A construction project begun in 2007 unearthed some 250 to 300 unmarked graves.
A significant number of these human remains were determined to be African American (according to the archaeologist who supervised the project), just as the 1882 survey map suggests.
The cold hard truth seems that, in 1968, the (I suspect mostly white) leaders of Waco turned an old Black cemetery into a campground without properly removing most of the graves or recognizing the historic site.
While Waco has worked hard to correct this past mistake, there is only so much that can be done.
Much of the rich cultural heritage and history of Waco’s early Black and Brown inhabitants has simply been erased – the “Many prominent African-Americans” who were buried in First Street Cemetery, “including Knights and Daughters of Tabor, a member of the Mosaic Templars of America, a 19th century Texas legislator, a 19th century member of the Waco City Council, a chairman of the board of Paul Quinn College, one of the original twenty-one settlers of Waco Village, many U.S. veterans and former slaves” are simply gone (at least until DNA tests can confirm the identities of some of the bodies).
This isn’t all the fault of the 1968 decision. It is also because of the overall neglect of the historic site.
Poor records were kept in the late 19th century, and throughout the 20th century, First Street Cemetery was simply not deemed enough of a priority by Waco to be kept in good repair.
Except for a few parts of it.
A Waco Tribune Herald article notes the cemetery is “Waco’s oldest burying ground and contains Confederate soldiers, pioneer politicians, slaves, ministers and workers of Mexican and Chinese descent.”
Can you guess, out of that list, which graves were taken better care of?
I found among the visible tombstones a 1976 memorial stone erected for the Confederate veterans buried in First Street Cemetery and a marker for Confederate veteran Nathaniel Jackson Wollard that had been restored in 1998.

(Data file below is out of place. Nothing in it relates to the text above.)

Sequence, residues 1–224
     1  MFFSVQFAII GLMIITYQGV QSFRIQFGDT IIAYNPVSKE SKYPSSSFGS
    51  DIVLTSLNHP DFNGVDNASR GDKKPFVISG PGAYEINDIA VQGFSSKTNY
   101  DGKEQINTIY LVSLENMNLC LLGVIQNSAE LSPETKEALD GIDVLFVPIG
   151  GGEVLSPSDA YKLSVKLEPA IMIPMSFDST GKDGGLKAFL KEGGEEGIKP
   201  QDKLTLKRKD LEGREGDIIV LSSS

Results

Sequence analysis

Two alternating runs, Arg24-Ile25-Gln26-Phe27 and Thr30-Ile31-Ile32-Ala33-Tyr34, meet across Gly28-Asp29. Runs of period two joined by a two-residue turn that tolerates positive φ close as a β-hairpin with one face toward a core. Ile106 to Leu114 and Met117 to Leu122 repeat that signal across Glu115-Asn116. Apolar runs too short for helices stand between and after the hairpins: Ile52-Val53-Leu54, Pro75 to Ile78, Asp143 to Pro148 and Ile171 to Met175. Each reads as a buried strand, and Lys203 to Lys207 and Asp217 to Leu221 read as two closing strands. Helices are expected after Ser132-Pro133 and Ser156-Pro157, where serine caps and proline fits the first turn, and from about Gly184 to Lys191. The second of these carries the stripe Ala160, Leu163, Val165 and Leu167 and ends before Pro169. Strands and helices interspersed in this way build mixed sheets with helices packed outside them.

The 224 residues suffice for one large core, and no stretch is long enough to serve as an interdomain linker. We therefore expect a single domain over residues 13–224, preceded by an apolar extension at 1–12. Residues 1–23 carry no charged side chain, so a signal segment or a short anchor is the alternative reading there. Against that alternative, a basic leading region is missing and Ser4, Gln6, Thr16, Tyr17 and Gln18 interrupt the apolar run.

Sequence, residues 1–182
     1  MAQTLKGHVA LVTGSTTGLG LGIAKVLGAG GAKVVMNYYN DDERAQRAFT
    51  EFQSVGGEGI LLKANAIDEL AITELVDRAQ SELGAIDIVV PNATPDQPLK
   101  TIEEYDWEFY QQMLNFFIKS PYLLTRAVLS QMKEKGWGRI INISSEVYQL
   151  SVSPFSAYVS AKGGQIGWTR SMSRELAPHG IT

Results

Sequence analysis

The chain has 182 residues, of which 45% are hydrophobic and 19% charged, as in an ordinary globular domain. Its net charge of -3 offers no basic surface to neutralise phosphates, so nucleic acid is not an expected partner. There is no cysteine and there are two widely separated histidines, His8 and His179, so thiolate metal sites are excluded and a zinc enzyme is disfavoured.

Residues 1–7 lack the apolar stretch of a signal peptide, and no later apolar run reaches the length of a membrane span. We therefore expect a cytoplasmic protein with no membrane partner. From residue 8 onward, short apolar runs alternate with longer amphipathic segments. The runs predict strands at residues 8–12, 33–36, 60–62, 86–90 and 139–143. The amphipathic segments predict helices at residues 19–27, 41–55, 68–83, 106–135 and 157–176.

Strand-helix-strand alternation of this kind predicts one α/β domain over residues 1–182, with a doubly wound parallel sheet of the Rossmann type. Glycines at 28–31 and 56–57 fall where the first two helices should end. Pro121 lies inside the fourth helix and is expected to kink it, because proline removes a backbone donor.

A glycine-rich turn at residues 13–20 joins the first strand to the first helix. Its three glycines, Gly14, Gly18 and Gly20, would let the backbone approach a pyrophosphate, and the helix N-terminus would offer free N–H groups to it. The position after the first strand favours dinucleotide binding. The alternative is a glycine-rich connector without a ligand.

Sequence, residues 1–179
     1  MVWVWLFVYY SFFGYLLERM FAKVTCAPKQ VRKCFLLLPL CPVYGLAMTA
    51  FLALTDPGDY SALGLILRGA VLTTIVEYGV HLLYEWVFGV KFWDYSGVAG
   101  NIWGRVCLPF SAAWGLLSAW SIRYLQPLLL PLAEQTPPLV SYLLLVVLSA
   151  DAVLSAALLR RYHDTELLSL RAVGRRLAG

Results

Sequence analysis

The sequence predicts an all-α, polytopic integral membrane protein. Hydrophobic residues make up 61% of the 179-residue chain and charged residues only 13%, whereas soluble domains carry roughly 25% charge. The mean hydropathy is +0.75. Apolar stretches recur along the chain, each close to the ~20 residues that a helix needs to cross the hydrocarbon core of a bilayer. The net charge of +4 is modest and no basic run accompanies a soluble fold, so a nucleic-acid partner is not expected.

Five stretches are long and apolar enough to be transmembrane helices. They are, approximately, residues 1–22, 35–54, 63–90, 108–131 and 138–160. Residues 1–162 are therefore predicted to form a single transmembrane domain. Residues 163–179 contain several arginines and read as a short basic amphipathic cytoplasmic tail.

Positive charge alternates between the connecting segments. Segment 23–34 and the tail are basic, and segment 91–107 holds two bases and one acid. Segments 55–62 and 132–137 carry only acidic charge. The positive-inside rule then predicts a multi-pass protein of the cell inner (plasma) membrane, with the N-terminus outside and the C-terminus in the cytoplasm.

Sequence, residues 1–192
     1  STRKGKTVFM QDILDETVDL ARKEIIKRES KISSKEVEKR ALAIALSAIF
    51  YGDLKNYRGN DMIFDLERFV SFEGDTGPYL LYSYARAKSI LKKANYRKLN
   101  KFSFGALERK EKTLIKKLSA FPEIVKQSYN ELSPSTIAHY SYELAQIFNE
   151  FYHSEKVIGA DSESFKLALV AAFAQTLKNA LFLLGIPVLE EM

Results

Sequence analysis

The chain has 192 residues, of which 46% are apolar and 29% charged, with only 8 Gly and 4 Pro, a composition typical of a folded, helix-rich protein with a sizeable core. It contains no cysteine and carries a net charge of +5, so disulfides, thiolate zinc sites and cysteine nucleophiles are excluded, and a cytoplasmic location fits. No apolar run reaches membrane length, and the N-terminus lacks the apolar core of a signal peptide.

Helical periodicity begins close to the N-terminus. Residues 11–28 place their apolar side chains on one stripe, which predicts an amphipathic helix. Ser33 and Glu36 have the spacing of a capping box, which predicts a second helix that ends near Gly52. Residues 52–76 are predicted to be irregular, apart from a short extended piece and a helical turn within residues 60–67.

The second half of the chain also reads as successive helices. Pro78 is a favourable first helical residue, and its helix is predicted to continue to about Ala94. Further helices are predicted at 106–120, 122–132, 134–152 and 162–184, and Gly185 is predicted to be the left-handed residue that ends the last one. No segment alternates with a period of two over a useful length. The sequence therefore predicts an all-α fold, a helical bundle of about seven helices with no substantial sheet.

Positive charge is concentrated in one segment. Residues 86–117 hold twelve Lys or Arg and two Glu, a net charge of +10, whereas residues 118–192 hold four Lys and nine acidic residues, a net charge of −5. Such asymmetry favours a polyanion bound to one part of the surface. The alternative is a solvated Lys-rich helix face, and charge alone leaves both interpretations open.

Meanwhile, the descendants of Black slaves who lived and died in Waco still have no marker at their original gravesite.
Historical commemoration says more about the people who erect the statues and the markers than it does about the people commemorated.
In 20th-century Waco, we chose to build a park over the bodies of dead Black Americans while erecting new markers commemorating the white soldiers who fought to preserve slavery.
The bad news is this choice says a lot about the people we were – people complicit in racism. The good news is we can choose, starting right now, to be better.
Just something to think about next time someone complains about taking down a Confederate statue.
Editor’s note: A longer version of this article first appeared on The Anxious Bench, where Barr is a regular contributor. It is used with permission.
Associate dean in the Baylor Graduate School, an associate professor of history at Baylor University and a resident scholar at Baylor’s Institute for Studies of Religion, where she specializes in medieval history, women’s history, and church history. She is the author of The Making of Biblical Womanhood, serves as the president of the Conference on Faith and History and is a member of Christians for Biblical Equality.